Where did it all start

Monday, 30 January 2017 15:46

Market Guide for Application Platforms

Published: 23 November 2016 ID: G00296227

Analyst(s):

 

Summary

The application platform market is morphing in response to digital business requirements. As Java EE and other three-tier frameworks, such as ASP.NET, fade in relevance, application leaders must build a strategy to shift to alternative platforms that support cloud-native applications.

Overview

 

Key Findings

  • Commercial Java Platform, Enterprise Edition (Java EE) platforms' revenue declined in 2015, indicating a clear shift in the application platform market. Digital business initiatives require new features and capabilities in application platforms, and Java EE has failed to keep pace.

  • The market is becoming more diverse as vendors and open-source communities produce innovative and specialized platforms to support modern application requirements.

  • Application platform as a service (aPaaS) revenue is currently less than half of application platform software revenue, but aPaaS is growing at an annual rate of 18.5%, and aPaaS sales will supersede platform software sales by 2023.

Recommendations

Application leaders responsible for modernizing application infrastructure should:

Thursday, 13 October 2016 14:00

 

Optoro


Optoro's Shift to Self-hosted Infrastructure - Optoro

Since 2010, Optoro has used Amazon Web Services (AWS) as its cloud-computing provider. We relied on them to supply the horsepower needed to drive our IT resources and applications. However, after some hard analysis, we decided to move away from the AWS and onto our own infrastructure. At a time when so many SaaS’s/IaaS’s/PaaS’s exist, why would we decide to run a data-center’s worth of gear? AWS has been a large drain on our budget at scale, and we wanted a more cost-efficient solution.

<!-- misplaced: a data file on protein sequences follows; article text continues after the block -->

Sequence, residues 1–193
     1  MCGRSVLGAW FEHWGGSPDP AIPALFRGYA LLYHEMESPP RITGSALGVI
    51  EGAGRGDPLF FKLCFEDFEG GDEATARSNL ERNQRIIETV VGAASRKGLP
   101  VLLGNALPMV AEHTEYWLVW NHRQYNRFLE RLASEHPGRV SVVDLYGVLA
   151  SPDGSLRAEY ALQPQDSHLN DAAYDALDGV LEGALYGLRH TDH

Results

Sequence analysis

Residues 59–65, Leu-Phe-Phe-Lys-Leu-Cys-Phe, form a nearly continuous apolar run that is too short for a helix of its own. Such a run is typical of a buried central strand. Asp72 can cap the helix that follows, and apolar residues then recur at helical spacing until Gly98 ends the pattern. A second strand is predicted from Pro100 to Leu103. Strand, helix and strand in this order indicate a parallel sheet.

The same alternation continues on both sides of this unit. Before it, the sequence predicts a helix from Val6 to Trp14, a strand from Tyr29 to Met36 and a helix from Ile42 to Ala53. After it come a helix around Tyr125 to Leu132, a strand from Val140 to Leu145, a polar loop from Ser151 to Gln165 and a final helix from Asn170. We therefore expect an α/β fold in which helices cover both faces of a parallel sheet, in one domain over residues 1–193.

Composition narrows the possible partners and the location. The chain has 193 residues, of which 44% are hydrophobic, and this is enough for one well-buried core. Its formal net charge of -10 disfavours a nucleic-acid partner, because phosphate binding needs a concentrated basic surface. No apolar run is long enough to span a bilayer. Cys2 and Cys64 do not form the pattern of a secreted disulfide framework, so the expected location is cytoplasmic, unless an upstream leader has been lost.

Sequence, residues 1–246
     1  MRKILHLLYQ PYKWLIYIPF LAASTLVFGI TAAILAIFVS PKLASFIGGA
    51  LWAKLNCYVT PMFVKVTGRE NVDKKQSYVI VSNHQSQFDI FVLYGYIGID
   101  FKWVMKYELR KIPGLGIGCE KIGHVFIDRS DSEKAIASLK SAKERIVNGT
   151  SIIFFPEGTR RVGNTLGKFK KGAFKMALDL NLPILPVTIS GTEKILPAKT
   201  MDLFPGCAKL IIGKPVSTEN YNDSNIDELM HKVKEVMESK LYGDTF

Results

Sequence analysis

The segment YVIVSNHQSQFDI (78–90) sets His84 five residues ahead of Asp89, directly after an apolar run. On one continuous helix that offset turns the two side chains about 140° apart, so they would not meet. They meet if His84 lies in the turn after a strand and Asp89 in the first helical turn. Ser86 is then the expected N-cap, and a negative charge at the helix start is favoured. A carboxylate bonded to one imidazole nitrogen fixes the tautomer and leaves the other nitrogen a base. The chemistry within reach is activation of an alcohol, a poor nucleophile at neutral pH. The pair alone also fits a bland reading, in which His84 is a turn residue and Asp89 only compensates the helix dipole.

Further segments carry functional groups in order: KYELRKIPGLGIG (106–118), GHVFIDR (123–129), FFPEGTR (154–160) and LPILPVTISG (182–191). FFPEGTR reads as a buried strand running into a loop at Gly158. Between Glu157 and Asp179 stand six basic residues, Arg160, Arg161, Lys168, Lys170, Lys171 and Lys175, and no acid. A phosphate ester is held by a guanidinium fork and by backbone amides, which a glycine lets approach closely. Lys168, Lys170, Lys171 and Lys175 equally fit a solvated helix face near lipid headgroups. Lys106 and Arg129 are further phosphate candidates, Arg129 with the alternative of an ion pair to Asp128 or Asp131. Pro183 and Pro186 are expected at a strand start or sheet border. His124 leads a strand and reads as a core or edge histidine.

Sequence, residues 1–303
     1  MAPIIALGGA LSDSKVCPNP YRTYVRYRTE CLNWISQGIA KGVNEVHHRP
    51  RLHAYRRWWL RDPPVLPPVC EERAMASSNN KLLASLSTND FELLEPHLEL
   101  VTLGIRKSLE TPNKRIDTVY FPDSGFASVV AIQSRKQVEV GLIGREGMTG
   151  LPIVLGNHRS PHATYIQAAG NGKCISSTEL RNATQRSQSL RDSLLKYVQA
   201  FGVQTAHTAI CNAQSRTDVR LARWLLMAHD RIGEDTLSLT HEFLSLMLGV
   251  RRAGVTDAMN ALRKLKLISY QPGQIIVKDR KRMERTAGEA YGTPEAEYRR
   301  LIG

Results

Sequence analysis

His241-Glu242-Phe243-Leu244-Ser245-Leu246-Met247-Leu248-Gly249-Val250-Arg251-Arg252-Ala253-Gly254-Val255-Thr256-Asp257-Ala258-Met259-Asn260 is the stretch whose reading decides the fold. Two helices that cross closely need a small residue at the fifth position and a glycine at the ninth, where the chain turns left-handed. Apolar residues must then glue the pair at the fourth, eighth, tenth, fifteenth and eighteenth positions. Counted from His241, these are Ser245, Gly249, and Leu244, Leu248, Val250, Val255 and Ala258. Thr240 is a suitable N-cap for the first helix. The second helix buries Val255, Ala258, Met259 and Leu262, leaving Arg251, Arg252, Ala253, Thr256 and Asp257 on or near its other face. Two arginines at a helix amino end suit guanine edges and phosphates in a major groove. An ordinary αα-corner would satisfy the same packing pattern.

Wednesday, 04 January 2017 14:42

Some Context

Managing value-driven, cross-functional (ValCro) projects in JIRA can be challenging to keep everything cleanly wrapped up together. Here's a proven idea which may work for you too.

So going back a few years, I was working at a software company where IT Operations was in the common situation of constantly playing catchup with Agile software development. We were already hammering home DevOps processes like tight feeback loops, sharing, learning and automation but collaboration was still a problem. Mostly around communicating around interdependant work, forward planning any work dependencies and keeping semi-automated, low-effort reports across teams.

About Mesoform

For more than two decades we have been implementing solutions to wasteful processes and inefficient systems in large organisations like Tiscali and HMRC, and impressing our cloud based IT Operations on well known brands, such as RIMSonySamsung and SiriusXM.